"With Shopify, we don't have issues like we did in the past where inventory levels were incorrect—online and in-store inventory levels are always in sync."
Managing seasonal collections and a dynamic inventory
Shopify’s inventory management tools haven’t just simplified Ale’s life as store manager. They've also proved invaluable as Assembly New York has grown. As the brand’s own collection has gradually expanded, Shopify’s inventory tools have allowed Ale and her team to scale their operations in a lean, responsive way.
Shopify’s categories, unlimited products and variants have been very helpful. We can control our inventory as our collections grow, see what we have in stock, what’s running low, what we should liquidate, what items are doing well, and when to start restocking for the next season.
Shopify’s inventory management tools have helped Ale and her team to not only manage the store’s products more effectively but also learn more about exactly what the store’s clientele expects.
"We're an established brand, but we're still learning every season what works and what doesn't work for people. Even just having a dialogue about how people's experiences with the clothes that they already purchased, that's something that's important for our curation and how we know what works for people," says Ale.
Shopify POS and its backend reporting has helped us analyze our business, and understand which collections are doing well. Being able to have one system where every aspect of the store is put together from the transactions, reading into the backend, to the website builder—that's been really, really helpful.
Staff training made easy with Shopify POS
As the brand has grown, Shopify has grown along with it to meet the brand’s needs and to reach new customers. Assembly has introduced and subsequently retired collections, new staff has joined and left, and fashion’s fickle trends have come and gone. Throughout it all, Shopify's clothing store POS has helped Ale and her team adapt to those changes.
“I really think doing everything in Shopify was the biggest change, because there's been staff turnover, that kind of thing,” Ale says. “There's always a big difference when you have new people coming to the store with different experience to take over certain roles, but I think having the website and our physical inventory tied together in one program that has been really the biggest thing that has affected the workflow, and something that we work towards all together.”
Migrating to Shopify didn’t just make it easier for shop staff to keep track of which items were available at any given time. It also made it much easier for the staff themselves to get up to speed on a new system quickly with minimal disruption.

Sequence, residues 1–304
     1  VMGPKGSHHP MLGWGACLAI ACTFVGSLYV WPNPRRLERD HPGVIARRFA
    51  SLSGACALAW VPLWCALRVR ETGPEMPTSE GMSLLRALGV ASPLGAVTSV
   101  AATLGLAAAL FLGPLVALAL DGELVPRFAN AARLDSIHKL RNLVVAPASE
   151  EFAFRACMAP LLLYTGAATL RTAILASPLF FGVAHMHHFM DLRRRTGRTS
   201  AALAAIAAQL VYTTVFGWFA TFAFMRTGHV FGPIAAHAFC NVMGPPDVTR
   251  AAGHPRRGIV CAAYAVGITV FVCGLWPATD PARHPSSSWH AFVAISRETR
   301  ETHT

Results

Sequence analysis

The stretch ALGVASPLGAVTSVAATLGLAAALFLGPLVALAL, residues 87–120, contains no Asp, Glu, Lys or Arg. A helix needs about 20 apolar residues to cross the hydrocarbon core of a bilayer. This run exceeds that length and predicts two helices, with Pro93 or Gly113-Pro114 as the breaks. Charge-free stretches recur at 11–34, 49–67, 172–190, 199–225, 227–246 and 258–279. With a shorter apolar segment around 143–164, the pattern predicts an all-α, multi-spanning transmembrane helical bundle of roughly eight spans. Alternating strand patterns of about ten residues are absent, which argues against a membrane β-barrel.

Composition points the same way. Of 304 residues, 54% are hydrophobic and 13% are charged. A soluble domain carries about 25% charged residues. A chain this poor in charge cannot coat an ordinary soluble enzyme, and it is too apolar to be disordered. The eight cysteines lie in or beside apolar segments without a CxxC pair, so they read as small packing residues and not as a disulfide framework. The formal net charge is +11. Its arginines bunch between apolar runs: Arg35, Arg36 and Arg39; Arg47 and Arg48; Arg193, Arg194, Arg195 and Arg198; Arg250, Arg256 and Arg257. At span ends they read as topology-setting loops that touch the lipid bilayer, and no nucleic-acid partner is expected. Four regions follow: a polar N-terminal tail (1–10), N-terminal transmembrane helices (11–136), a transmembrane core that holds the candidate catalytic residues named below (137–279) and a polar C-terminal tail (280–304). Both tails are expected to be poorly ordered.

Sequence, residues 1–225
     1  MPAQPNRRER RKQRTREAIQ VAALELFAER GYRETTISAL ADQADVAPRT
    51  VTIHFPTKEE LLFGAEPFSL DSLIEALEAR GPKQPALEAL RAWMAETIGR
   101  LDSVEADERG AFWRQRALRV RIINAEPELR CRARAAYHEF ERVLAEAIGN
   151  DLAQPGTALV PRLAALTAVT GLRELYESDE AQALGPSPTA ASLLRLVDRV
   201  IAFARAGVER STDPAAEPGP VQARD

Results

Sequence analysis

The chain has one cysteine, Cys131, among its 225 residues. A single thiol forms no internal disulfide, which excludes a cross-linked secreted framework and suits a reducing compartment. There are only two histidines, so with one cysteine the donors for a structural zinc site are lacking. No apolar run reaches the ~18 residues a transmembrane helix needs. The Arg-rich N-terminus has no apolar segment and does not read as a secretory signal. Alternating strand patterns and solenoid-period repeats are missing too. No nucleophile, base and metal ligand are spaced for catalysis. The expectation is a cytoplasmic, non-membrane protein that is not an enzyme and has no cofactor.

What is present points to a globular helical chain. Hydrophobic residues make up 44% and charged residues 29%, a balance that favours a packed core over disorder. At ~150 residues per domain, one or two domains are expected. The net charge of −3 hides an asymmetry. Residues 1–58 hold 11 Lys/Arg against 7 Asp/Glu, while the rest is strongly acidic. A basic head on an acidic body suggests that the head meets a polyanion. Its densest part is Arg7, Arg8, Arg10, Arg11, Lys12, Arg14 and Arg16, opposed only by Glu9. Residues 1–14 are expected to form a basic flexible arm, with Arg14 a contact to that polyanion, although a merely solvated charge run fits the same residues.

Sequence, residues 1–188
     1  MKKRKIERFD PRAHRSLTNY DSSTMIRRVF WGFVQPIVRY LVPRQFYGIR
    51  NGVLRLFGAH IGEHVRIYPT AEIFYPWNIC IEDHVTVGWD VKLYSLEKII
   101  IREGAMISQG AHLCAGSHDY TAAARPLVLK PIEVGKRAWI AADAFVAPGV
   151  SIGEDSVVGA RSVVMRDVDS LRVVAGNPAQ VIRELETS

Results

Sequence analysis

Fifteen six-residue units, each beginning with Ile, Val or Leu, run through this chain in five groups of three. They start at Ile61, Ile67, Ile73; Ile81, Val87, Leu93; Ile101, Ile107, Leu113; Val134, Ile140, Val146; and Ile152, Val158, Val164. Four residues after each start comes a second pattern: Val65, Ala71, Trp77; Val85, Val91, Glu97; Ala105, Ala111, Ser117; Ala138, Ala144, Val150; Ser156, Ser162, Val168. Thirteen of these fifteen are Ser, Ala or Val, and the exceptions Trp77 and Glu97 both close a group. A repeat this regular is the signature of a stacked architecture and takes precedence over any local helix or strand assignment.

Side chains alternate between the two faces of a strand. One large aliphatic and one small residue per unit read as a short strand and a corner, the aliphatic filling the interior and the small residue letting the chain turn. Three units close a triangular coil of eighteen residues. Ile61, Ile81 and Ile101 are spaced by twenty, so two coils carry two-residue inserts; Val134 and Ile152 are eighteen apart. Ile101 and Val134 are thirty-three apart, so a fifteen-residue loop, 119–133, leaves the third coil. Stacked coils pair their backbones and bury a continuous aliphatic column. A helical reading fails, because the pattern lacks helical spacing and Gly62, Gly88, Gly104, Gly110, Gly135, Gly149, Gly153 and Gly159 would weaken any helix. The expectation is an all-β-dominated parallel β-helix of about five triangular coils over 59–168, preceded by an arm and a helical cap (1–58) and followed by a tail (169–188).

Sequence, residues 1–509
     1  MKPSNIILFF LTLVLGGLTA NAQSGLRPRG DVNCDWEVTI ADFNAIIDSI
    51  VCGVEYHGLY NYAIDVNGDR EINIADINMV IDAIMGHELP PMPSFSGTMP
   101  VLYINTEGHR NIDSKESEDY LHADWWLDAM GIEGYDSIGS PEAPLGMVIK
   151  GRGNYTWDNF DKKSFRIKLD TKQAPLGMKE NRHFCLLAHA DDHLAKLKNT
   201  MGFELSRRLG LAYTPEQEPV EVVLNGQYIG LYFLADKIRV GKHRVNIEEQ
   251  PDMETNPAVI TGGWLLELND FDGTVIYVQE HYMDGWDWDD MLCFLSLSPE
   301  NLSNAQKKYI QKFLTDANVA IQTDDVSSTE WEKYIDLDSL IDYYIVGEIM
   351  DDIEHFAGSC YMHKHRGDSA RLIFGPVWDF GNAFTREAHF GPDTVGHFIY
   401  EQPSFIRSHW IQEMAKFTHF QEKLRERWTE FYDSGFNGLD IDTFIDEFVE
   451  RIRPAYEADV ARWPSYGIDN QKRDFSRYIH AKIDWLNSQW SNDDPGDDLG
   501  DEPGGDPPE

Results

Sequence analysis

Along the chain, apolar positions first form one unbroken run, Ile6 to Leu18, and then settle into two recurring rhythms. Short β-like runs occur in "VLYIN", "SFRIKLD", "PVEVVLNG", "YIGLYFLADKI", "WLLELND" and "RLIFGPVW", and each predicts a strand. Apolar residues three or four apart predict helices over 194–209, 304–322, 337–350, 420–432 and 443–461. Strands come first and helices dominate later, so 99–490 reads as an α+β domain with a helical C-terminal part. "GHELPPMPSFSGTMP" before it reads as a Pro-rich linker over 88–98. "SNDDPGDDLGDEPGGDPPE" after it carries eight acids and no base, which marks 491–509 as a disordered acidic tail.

“We like hiring creative people for staff because they're just more fun to talk to and hang out with,” Ale explains. “It's more fun to shop that way, but a lot of creative people don't necessarily want to sit in front of a computer and try to figure a program out.”
Shopify’s intuitive user interface means that Ale can spend less time training staff on how to use the system, and more time taking care of Assembly’s customers and overseeing the store’s operations. Ale’s staff can also focus on doing what they do best.
Now I'm free to hire more creative people because we have an easy program to use. Our staff are great at merchandising and styling, without worrying so much about the nitty-gritty of the numbers and formatting a spreadsheet, which is what you'd have to do with Quickbooks.
Looking to the future of fashion
For Ale, Shopify’s simplicity has been key to growing the Assembly retail brand. Fashion retail is challenging enough as it is, which makes choosing a reliable commerce platform crucial for growing online brands getting into physical retail.
Shopify makes Ale’s job easier and allows her and her team to provide Assembly's clientele with the attentive, personalized shopping experience they expect.
"Having things broken down by category, by vendor, looking at units––I have a physical picture of the space, and I also have a digital picture of the space. Having those two images has really helped me be able to know what I'm doing, and that helps me communicate better to staff to give them tasks to do, and to teach them exactly what needs to be done to provide the best service, and maintain the integrity of the shopping experience here," Ale explains.
Shopify's unified back end has made it easier for Ale and her team to stay on top of Assembly's constantly changing selection of luxury garments and vintage gems. But it has also enabled the brand to set its sights higher and envision the next chapter of Assembly's journey.
“We've been here 10 years,” Ale says. “This neighborhood didn't look like this 10 years ago, but we've been very fortunate in the way the city has changed. That this neighborhood is now somewhere where people, our clients, are living and traveling and wanting to be in, because it's kind of like a clubhouse I guess, that's why I like it. The New York store has always been the foundation of the Assembly business, and I don't think that's going to change anytime in the near future.”